For those looking for a more successful, less chaotic way of rolling out a suite of automated IT solutions, hyperautomation is a valuable approach as it makes use of automation technologies that can coordinate different activities, such as RPA and AI. Hyperautomation can help by combining several technologies with people and data in a single workflow. In essence, it is complete automation at speed.
Hyperautomation also allows for faster application authorship using low code, a visual approach to software development. It reduces the reliance on traditional coding by developers, and abstracts and automates the application development lifecycle. With low-code, teams can collaborate on application projects irrespective of whether they have a technology background or not.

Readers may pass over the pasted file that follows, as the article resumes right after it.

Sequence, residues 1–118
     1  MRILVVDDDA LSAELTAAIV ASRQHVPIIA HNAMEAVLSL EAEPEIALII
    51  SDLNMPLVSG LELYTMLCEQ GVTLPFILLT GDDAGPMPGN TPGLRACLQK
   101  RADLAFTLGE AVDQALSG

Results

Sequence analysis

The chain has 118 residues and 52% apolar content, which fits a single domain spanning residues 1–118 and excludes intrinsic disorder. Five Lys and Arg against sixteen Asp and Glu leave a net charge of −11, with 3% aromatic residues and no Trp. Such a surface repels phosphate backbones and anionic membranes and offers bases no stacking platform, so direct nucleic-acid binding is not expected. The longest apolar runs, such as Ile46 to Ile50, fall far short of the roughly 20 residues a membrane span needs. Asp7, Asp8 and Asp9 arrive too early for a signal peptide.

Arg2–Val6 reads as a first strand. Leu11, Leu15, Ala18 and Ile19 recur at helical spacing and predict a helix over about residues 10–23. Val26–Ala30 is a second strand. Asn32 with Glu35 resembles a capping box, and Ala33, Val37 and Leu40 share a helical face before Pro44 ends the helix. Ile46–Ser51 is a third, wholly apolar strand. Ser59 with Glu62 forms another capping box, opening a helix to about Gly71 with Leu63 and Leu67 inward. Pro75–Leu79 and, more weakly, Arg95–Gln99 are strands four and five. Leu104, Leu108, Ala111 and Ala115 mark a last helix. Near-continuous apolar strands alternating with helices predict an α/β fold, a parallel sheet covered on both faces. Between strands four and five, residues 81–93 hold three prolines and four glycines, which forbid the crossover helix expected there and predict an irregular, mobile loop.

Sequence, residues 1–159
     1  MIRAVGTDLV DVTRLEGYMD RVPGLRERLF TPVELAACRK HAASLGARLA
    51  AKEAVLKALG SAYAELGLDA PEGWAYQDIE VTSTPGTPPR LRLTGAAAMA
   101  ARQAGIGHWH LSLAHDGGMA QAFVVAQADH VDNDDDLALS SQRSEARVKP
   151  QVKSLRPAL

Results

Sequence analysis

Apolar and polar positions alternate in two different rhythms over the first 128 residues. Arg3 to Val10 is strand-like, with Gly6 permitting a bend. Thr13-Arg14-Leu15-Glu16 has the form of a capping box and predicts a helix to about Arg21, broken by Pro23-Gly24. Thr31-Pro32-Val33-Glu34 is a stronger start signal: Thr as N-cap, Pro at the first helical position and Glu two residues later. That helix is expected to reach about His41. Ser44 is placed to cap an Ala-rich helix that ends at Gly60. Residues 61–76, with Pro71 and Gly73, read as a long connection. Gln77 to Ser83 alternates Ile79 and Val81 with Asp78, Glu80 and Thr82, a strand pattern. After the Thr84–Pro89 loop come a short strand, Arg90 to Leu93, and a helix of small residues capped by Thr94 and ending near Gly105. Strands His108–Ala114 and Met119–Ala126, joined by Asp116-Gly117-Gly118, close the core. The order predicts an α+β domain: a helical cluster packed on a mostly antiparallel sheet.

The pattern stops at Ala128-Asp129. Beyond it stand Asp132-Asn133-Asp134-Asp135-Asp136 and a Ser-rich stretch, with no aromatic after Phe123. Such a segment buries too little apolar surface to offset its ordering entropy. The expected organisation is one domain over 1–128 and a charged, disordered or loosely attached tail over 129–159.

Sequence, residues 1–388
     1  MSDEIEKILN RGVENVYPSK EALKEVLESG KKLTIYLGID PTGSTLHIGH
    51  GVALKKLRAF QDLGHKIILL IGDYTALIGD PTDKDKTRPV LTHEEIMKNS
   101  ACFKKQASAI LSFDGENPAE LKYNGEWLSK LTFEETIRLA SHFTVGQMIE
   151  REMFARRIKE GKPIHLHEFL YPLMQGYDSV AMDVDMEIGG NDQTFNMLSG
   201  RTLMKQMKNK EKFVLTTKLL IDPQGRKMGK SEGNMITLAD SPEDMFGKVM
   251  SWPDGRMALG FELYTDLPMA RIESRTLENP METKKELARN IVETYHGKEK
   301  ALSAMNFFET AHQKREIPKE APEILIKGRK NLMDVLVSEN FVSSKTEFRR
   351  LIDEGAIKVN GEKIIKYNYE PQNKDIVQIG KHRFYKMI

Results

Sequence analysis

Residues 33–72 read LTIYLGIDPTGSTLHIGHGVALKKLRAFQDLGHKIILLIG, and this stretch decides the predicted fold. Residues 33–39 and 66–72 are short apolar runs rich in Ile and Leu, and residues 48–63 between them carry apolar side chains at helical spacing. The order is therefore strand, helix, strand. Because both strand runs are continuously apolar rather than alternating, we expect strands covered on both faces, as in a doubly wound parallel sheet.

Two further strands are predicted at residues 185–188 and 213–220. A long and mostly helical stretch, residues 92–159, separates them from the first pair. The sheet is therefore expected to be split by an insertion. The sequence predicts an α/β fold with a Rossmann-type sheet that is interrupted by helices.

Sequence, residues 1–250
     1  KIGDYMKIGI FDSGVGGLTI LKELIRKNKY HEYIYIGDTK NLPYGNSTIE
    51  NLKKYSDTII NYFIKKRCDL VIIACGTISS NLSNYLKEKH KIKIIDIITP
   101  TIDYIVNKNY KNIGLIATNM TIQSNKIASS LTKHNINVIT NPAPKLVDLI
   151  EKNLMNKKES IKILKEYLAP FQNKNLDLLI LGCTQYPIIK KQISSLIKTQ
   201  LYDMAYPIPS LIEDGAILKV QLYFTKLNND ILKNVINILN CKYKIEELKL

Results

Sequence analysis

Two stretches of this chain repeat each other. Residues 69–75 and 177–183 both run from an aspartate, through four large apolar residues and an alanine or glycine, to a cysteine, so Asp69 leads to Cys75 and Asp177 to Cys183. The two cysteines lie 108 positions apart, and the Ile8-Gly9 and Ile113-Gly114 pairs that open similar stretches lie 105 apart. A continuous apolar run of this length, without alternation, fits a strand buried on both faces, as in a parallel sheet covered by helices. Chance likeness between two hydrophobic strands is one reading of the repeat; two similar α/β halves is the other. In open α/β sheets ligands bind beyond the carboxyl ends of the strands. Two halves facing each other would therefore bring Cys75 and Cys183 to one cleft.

The rise of low-code
Low-code emerges when technology projects are a communal pursuit. Following the past 18 months, IT is now expected to be faster, produce increased outputs and clear existing backlogs. And they have to do this with a level of quality that surpasses the level of the pre-COVID era. But the dispersion of employees and enterprise data makes this more difficult.
Often, technology planning takes place outside of the IT team. It’s logical that all parties align and come together to work alongside each other to produce solutions that work for the entire business. That’s why the speed and unification delivered by low-code is so urgently needed. A critical aspect of the CIO’s changing mandate is promoting collaboration between digital projects and business goals.